WELLBEING

On death and bereavement

It’s those simple situations that show me signs of next steps. I have already decided to apply and, if possible, to participate in the bereavement support course in Oxford this autumn but today, in the allotment, I found a dead bird and started thinking about death a lot. Since I was a little girl I was pretty much at peace with the idea of death but not too happy about the loss it evokes. I was raised in a Catholic family and at the end of my basic education, before joining the university, I have left the church and became an agnostic. I was not happy with the politics of the church. I think the last drop was finding out that the Catholic church leaders decided to rename the place souls go to after death from refrigerum (a cold place, where souls would wait for Jesus to return) to purgatorium (a place where souls would go to to be cleaned of sins). The consequences of such little change on believers are enormous and not very good: they bring guilt, fear, and terror into the picture. Which is not how I imagined death and the beyond. I faced the death of various animals because I grew up in a small village, very close to nature. My cat lost all her kittens just when they were few weeks old due to a cruel infection, but since then I did not see death as cruel, really, just as part of life. A fact. A constant. And I actually found it comforting.  Later on, in high-school, my attitude has changed a bit. I was raging against it due to the very idea of art – the notion that a piece of art will outlive me simply outraged me! I started writing (very bad and not so bad poetry). I had it published at the university and moved on to subcultures and fascination with Gothic, with Beksinski and E. A. Poe. I did think about death a lot and thanks to my friends from Asian countries I started viewing my life and death spectrum in a more balanced way again – zen and other Buddhist theories grew closer and closer to my heart. I had a serious accident and surviving it threw me off guard a bit but zen temple in Budapest help to get it back on the right track again. Giving life to a small baby was natural, it did not feel like a miracle – it was part of the biological cycle of life. A lot about motherhood was obvious and reinforced my pragmatic approach to death too.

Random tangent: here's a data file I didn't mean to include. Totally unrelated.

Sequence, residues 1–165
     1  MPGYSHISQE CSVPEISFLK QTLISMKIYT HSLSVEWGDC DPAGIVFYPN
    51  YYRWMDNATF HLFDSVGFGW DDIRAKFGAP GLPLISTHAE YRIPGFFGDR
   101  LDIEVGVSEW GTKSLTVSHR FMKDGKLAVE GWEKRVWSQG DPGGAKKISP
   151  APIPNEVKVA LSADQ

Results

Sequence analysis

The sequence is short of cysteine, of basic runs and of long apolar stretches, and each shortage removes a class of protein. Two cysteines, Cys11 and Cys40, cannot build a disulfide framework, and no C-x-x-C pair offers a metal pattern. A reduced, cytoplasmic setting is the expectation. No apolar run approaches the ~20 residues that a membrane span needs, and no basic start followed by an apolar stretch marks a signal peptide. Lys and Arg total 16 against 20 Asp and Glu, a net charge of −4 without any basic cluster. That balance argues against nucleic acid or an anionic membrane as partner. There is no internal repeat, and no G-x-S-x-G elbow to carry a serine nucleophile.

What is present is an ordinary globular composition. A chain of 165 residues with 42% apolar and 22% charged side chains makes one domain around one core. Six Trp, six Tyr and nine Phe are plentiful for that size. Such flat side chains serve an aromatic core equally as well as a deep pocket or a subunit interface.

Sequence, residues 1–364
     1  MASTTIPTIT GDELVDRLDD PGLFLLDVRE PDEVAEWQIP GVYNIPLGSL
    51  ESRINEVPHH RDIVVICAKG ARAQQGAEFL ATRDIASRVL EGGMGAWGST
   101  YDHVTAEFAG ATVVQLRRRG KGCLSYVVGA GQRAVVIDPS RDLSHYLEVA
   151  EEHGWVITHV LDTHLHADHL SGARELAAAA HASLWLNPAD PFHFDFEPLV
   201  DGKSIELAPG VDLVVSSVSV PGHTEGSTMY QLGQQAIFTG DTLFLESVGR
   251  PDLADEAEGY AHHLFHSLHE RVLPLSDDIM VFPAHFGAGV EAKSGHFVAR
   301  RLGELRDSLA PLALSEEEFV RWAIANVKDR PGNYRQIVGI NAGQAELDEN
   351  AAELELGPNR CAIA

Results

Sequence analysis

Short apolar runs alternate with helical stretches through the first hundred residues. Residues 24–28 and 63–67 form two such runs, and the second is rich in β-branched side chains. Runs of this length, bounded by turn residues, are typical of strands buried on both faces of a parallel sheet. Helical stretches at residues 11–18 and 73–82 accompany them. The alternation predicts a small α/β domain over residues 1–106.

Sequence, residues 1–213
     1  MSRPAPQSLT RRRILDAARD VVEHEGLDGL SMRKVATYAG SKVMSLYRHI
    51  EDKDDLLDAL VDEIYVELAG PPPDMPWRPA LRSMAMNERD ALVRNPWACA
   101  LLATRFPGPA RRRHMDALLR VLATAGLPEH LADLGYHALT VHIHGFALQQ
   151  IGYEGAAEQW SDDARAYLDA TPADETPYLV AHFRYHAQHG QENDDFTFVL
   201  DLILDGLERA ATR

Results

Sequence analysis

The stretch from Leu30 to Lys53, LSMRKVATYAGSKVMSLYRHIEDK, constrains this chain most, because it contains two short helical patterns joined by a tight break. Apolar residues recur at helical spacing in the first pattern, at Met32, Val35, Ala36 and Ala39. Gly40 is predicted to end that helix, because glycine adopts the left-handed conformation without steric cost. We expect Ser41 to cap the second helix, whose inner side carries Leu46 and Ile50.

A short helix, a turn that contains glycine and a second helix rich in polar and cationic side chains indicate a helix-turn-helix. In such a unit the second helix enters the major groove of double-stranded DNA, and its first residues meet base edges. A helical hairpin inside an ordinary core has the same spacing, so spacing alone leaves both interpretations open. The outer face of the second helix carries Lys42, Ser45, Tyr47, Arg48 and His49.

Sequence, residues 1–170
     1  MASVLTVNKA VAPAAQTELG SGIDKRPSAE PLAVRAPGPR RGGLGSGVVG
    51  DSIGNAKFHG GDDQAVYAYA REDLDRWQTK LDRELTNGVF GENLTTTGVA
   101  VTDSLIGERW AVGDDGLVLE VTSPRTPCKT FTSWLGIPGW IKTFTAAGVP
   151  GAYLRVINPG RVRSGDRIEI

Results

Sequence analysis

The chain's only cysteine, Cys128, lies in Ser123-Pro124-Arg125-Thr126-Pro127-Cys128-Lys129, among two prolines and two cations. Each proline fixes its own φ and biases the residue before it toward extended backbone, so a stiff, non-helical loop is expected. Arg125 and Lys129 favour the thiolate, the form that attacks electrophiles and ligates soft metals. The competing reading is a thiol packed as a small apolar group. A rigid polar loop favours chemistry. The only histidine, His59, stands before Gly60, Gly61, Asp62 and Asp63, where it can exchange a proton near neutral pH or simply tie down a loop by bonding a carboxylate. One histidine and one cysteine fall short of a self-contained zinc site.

Today I would like to think I am at peace with death again, but to be honest, apart from a few animals or news from people who are not very close to me, death still present a bit of a distant concept. I would like to study it more and learn from the specialists. The Cruse bereavement support charity is the second oldest counselling charity in the UK with over 50 years of experience in both supporting clients but also training up their volunteers so I hope I will have the opportunity to learn there but also support their work. I decided to look into books on bereavement this summer to keep my studies going at least this way.

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